Many parents of children with Down syndrome complain that their doctors gave them inaccurate or outdated information, Skotko and other researchers say. Some moms report being told that their child would never live on his own, hold a job or even be able to make change for the bus.
And doctors who offer prenatal testing often have little training in Down syndrome, Skotko’s research shows. Many are unprepared to counsel couples about what it means to raise a child with this kind of disability.
For many couples, the challenges of raising a child with Down syndrome seem overwhelming. Half of babies are born with congenital heart defects, which often require surgery. Children with Down syndrome have low muscle tone, so they may not learn to walk or talk in sentences until age 3 or 4. Adults with Down syndrome have an increased risk of life-long complications, from thyroid problems to early Alzheimer’s.
Yet Faden, the bioethicist, says few people can accurately predict how they will react even process such a daunting diagnosis.
Although many people anticipate feeling devastated by a serious medical condition, most are more resilient than they imagine, Faden says. After an initial period of shock, most people adapt, and “rate their quality of life as just as good as before,” Faden says.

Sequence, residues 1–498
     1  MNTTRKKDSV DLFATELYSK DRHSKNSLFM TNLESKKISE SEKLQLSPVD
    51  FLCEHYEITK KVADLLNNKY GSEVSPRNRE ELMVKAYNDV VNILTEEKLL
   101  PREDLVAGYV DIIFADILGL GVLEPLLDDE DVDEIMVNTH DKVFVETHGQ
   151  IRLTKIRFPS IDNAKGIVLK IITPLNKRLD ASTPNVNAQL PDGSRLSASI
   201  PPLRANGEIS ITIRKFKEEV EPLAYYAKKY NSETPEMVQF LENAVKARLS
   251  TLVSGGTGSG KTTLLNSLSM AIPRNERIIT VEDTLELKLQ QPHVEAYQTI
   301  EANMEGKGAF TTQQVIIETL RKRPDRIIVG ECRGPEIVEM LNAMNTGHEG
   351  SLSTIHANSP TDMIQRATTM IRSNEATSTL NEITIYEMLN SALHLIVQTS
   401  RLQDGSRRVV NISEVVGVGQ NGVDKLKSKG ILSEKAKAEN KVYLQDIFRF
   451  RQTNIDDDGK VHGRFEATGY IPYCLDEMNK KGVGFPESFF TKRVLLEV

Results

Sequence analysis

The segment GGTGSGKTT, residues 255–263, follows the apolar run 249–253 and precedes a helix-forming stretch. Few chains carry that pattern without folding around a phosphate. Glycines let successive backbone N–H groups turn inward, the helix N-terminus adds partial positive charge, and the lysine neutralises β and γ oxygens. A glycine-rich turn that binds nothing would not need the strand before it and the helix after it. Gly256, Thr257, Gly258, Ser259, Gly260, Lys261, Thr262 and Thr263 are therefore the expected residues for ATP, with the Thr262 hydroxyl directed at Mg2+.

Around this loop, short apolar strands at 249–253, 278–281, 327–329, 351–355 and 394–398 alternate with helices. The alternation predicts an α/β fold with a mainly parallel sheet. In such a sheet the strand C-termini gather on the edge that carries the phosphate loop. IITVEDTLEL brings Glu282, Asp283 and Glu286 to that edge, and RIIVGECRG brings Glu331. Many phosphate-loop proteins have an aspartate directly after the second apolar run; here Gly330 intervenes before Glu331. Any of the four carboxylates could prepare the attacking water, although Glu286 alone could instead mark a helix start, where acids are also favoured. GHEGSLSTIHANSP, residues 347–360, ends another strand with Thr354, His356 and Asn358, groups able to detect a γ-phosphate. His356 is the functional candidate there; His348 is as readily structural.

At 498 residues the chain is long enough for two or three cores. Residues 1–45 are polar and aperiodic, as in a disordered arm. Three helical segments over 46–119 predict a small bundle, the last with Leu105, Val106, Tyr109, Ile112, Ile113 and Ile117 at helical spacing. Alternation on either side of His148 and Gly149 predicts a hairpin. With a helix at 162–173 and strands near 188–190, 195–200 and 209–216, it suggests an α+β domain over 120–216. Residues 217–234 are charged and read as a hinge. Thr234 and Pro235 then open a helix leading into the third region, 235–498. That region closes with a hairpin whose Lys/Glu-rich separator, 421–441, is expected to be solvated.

“With parenting, you may think, ‘This is going to be beyond my ability to cope,’ ” Faden says. “But then the child is born and life is good — not perfect and maybe not according to plan — but good.”
COMING TO TERMS
In the end, McLaughlin chose to continue her pregnancy. Her daughter, Gracie, is now 5.
“If I could go back, I wish I could tell myself not to be so afraid,” says McLaughlin, now 46. Having a baby with Down syndrome “wasn’t a bad thing. It was a very good thing.”
Even so, coming to terms with Down syndrome took time. McLaughlin says she waited eight hours after Gracie’s birth before visiting her in the neonatal intensive care unit.
Gracie’s heart surgery at 2 months was a “wake-up call,” says McLaughlin, a documentary filmmaker. “I had to hand her over to a doctor, not knowing if I would get her back.”
Today, McLaughlin is a passionate advocate for Gracie, as well as a volunteer with the First Call program. McLaughlin has made a series of videos about life with Down syndrome for the National Down Syndrome Society, which debuted in March.
McLaughlin says she respects the couples who visit her home, no matter what they decide.
“I would never in a million years judge them,” McLaughlin says. “Who is anybody else to judge somebody in that situation? Even if you’ve been in that position, with a prenatal diagnosis, everyone is an individual and every situation is different.”
One mother cried after seeing Gracie in person, McLaughlin says. The mother, suffering from postpartum depression, had learned her son’s diagnosis just after delivery.
“I said, ‘It’s OK. I know you look at her and see Down syndrome,’ ” McLaughlin says. ” ‘I look at her and see this wonderful toddler. You’ll get there, too.’ “